A Scientific Excuse To Sleep In

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The struggle is real — in the morning, at least. Should you stay in bed and enjoy that extra-precious hour of sleep? Or, should you slip on a sports bra and head to the gym? When your days are packed from dawn to dusk, sometimes a painfully early training session is your only option. But, is skipping sleep to exercise the right choice?
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Maybe not, says sleep expert James B. Maas, PhD. He tells Equinox’s Q Blog that if your workout routine is causing your sleep schedule to suffer, it’s possible you’re doing more harm than good.
There’s a reason why most fitness bands include sleep quality in the metrics they monitor; shut-eye is essential to your overall health. And, as performance coach and exercise physiologist Pete McCall explained to us last month, extreme fatigue is a legitimate reason for skipping your workout. “If you skimped on sleep a few nights in a row and feel like you’re dragging, go ahead and take the nap instead of forcing yourself to work out,” says McCall. “Exercising on top of exhaustion...will cause additional stress for your body.” That’s because sleep is when the body resets and repairs itself — and that includes your immune system. Chronic sleep loss can leave you more susceptible to catching a cold.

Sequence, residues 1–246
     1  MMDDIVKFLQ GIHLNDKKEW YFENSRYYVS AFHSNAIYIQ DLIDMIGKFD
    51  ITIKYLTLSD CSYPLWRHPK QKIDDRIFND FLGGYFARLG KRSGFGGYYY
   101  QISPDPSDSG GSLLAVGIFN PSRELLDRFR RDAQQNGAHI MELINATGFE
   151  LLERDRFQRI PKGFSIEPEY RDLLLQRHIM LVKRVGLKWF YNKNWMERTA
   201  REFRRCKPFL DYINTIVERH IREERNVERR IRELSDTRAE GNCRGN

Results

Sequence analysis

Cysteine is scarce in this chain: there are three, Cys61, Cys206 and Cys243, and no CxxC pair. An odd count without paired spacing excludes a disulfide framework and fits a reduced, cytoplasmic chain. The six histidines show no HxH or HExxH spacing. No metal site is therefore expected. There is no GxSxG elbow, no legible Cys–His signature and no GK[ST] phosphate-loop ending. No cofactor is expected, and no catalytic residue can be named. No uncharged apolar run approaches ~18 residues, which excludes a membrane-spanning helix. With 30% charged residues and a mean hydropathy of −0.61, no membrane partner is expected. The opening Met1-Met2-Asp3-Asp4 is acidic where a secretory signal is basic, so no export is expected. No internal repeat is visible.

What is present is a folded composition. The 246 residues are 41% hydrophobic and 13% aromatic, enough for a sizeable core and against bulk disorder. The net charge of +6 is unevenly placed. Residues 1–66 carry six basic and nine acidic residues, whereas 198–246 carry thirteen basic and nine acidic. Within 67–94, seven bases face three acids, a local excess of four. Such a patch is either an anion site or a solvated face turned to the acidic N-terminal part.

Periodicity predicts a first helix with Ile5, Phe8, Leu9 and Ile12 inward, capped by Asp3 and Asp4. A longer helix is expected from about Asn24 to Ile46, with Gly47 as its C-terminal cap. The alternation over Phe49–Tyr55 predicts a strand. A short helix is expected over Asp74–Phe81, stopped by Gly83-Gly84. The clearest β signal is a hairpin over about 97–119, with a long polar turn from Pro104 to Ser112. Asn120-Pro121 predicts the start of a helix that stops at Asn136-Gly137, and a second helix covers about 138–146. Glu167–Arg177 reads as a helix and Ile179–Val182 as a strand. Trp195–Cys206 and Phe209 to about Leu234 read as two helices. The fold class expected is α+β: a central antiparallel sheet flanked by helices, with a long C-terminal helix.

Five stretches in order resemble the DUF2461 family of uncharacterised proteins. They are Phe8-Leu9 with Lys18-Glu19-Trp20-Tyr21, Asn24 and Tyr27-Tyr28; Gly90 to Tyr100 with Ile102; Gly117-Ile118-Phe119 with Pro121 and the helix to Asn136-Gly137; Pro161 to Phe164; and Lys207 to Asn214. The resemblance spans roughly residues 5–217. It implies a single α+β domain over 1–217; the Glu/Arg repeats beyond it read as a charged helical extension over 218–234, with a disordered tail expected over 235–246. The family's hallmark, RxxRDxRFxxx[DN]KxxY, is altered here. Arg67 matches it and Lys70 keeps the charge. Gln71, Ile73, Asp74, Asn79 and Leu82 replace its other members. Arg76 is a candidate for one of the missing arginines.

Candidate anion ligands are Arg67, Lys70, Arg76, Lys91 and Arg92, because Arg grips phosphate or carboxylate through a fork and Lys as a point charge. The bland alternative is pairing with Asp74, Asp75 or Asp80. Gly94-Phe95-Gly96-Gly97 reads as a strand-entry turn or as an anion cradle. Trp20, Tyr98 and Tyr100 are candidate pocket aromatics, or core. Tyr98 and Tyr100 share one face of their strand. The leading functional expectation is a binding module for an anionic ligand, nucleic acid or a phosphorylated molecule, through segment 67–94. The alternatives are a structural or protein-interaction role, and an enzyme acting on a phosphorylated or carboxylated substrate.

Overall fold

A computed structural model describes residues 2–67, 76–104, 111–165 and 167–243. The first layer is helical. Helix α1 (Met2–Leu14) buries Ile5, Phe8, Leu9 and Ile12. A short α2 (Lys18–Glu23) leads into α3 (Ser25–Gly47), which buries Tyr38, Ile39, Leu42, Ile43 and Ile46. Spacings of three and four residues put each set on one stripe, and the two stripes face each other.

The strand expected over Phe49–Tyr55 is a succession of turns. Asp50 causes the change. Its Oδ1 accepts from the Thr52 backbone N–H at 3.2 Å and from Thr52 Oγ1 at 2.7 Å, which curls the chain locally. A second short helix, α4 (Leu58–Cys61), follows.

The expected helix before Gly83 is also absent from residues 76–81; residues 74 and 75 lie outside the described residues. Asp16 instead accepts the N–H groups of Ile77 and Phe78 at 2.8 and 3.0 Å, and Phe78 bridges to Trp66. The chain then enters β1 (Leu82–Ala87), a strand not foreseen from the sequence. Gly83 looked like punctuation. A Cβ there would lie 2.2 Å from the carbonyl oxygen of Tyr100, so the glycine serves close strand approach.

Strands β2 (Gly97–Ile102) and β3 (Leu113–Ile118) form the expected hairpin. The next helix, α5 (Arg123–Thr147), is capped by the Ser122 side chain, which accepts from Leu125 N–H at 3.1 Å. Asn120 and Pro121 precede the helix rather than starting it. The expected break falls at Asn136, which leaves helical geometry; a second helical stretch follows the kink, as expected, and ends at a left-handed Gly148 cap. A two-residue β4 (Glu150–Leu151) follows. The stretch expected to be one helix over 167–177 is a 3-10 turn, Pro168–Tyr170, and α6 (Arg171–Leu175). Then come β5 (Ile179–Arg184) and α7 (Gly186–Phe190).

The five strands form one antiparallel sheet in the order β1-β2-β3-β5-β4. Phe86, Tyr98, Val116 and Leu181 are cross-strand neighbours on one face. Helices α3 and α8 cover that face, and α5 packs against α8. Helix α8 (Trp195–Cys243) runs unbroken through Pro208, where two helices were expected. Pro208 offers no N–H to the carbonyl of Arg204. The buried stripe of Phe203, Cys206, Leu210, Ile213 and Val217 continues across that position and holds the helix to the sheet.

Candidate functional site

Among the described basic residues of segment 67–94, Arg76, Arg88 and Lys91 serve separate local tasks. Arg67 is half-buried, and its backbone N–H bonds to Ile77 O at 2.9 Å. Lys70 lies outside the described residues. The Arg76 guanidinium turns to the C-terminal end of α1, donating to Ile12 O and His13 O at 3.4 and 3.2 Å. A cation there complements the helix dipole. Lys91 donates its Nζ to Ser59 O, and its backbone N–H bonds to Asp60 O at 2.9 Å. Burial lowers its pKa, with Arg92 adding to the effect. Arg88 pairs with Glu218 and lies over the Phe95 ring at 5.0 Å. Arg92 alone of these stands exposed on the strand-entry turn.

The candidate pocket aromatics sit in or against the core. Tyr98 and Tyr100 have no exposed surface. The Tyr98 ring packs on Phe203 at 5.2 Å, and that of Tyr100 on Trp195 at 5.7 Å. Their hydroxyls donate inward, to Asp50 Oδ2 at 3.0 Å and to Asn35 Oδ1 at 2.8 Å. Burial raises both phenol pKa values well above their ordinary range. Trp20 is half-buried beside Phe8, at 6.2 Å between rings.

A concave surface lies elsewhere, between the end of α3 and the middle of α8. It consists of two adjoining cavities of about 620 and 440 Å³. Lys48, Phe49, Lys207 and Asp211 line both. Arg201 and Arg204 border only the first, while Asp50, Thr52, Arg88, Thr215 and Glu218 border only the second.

But, if the early a.m. is your only option for sneaking in a workout, are you screwed? Nah. Of course, the obvious answer is to go to sleep earlier the night before you want to work out — but that's often easier said than done. Still, remember that seven to nine hours of sleep per night is a blanket recommendation and may not be the "magic number" for everyone. You also don't need to exercise every single day (you want to aim for at least 150 minutes per week), so alternate days of sleeping in with mornings of getting up a bit earlier to train. “Working out first thing in the morning is a great way to kick-start your metabolism,” Mcall says. “Plus...you can knock [your workout] out before the hectic pace of the day unfolds and you’re pulled in a million different directions.”
Ultimately, like everything else, the tenuous relationship between sleep and exercise requires compromise and balance. As sleep scientist Hans Vans Dongen, PhD, tells Vox, “There are three things we need to take care of for our health: sleep, exercise, and good food. But, often it's a busy day...what should you cut? The benefits of the exercise for your health are undone by not getting enough sleep, so you may shoot yourself in the foot.”
So, the next time you're debating whether to trade shut-eye for squats, perhaps you should sleep on it.
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